Every campaign season, self-interested politicians tell Americans that we face “the most important election of our lifetimes.” Only rarely is that literally true, but Sunday’s snap referendum in Greece certainly qualifies. The question before voters, whether to accept a deal that creditors have already taken off the table, is less about text than subtext: This is a vote on the future of the European monetary union, and whether elites will be allowed to continue their reign of bullying and immiseration. In this sense, the Greek people are taking a proxy vote for the rest of the continent.
Last week, I explained how Greece got to this point: The country has lived with crisis and depression for five years, without an end under the current arrangement, where they don’t control their own monetary policy. Since that time, Greece’s creditors decided they would dictate not only the breadth of austerity, but the precise terms.
The creditors literally marked up Syriza’s bailout proposal with a red pen like they were grading a test, crossing out higher taxes on the wealthy and adding in more cuts to public pensions. The competing proposals aren’t that far off in terms of final numbers, but the markup indicated that creditors believe the democratically elected leadership of Greece should no longer be allowed to govern, as a warning to other anti-austerity parties that they will be similarly crushed.
That’s when ruling party Syriza played its last card, calling for a public referendum on the counter-proposal. The vote is scheduled for Sunday; but the current bailout program ends today, when a 1.55 billion euro payment is due to the IMF. Eurozone leaders refused to extend the bailout beyond the vote, meaning Greece will default. The European Central Bank responded by announcing they would freeze support for the Greek banking system, which it required to survive. Greece closed its banks for the entire week, and instituted a system of capital controls; citizens can only take out 60 euro from ATMs at a time, a bid to prevent deposits from surging out of the banks. That’s already happened to a large extent; lines at bank machines and gas stations grew over the weekend.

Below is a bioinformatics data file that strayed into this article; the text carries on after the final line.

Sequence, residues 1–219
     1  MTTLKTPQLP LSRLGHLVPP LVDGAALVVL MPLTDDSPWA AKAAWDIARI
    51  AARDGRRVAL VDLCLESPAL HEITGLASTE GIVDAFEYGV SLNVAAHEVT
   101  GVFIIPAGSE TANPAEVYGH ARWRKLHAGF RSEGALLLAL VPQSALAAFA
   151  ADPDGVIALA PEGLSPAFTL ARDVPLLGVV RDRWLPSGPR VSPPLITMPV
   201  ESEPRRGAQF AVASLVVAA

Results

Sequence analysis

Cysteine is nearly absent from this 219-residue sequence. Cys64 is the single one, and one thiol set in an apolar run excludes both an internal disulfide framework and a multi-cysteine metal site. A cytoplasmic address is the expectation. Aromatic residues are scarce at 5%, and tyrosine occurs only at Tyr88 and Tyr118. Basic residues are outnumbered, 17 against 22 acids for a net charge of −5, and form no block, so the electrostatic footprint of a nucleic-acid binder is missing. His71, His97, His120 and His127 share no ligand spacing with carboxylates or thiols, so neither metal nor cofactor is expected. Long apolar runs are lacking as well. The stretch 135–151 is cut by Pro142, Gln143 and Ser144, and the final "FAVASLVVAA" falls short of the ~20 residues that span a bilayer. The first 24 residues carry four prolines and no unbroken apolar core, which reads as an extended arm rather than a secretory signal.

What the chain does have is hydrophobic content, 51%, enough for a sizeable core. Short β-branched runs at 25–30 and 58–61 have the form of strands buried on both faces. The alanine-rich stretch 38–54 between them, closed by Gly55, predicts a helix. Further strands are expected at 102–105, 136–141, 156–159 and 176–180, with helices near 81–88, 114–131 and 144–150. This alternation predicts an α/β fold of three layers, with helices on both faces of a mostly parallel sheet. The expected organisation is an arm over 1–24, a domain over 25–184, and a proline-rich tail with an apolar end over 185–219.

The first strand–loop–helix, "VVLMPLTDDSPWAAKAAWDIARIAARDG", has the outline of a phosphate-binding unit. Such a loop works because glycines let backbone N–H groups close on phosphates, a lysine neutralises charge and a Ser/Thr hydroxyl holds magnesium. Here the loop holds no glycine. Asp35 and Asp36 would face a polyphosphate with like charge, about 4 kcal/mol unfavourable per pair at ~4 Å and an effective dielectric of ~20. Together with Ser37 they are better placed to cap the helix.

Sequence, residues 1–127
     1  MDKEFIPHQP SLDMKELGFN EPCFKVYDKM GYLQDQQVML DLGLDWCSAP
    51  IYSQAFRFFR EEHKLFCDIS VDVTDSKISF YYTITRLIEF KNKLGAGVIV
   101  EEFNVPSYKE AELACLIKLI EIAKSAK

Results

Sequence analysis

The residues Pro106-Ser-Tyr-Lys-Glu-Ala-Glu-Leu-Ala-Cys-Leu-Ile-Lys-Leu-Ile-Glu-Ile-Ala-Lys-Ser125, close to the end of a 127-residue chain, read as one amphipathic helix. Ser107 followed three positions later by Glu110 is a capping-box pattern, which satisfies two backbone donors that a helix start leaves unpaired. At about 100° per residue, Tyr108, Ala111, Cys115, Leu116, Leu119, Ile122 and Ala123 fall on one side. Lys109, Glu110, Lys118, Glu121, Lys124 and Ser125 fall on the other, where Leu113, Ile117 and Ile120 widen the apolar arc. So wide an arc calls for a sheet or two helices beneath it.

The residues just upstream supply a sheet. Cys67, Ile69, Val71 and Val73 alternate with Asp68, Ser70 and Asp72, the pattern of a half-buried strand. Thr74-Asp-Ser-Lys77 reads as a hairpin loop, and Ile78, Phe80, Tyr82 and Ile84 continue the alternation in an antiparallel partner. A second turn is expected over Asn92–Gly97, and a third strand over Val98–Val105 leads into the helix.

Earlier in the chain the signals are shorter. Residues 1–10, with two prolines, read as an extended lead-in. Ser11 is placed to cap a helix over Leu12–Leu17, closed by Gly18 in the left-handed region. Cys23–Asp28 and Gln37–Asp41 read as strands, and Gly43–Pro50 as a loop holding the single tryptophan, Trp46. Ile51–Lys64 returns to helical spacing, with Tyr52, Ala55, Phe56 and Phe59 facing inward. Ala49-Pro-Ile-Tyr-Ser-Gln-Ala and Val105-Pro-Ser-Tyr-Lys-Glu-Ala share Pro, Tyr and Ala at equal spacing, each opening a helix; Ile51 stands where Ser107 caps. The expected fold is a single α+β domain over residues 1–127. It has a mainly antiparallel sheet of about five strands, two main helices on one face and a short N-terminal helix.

The vote no longer means what it says on the ballot: The creditors have withdrawn their counter-proposal. Yet European Commission President Jean-Claude Juncker and practically every national leader on the continent have urged a yes vote, casting it as a decision on whether or not to stay in the euro or choose a different currency. A no vote “will mean that Greece is saying ‘no’ to Europe,” Juncker said.
This bracing honesty has been necessary in Greece, and really throughout Europe, for a long time. The Greek public exhibits an internal contradiction: against more austerity, but in favor of the euro, and the institutions that make austerity a forced mandate. They take pride in being part of the broader European political project and fear the unknown, but they loathe the idea of continuing to suffer for the sins of the past (indeed, the sins of Goldman Sachs). Something must break this knot and give the governing process legitimacy. The referendum finally offers the Greek public a real choice, not a fantasy of unavailable options.
Euro or drachma. In or out.